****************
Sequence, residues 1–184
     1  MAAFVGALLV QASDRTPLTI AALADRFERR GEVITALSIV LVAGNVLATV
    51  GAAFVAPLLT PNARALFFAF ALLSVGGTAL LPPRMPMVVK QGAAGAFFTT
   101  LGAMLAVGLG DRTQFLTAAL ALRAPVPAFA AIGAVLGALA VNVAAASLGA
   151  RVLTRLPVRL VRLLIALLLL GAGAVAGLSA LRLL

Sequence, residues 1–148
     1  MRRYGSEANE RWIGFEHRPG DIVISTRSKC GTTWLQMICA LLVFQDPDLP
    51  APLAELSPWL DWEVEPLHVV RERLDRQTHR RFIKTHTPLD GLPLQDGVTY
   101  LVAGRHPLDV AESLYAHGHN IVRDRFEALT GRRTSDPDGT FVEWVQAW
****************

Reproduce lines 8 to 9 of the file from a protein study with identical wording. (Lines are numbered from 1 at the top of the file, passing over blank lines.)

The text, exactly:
    51  APLAELSPWL DWEVEPLHVV RERLDRQTHR RFIKTHTPLD GLPLQDGVTY
   101  LVAGRHPLDV AESLYAHGHN IVRDRFEALT GRRTSDPDGT FVEWVQAW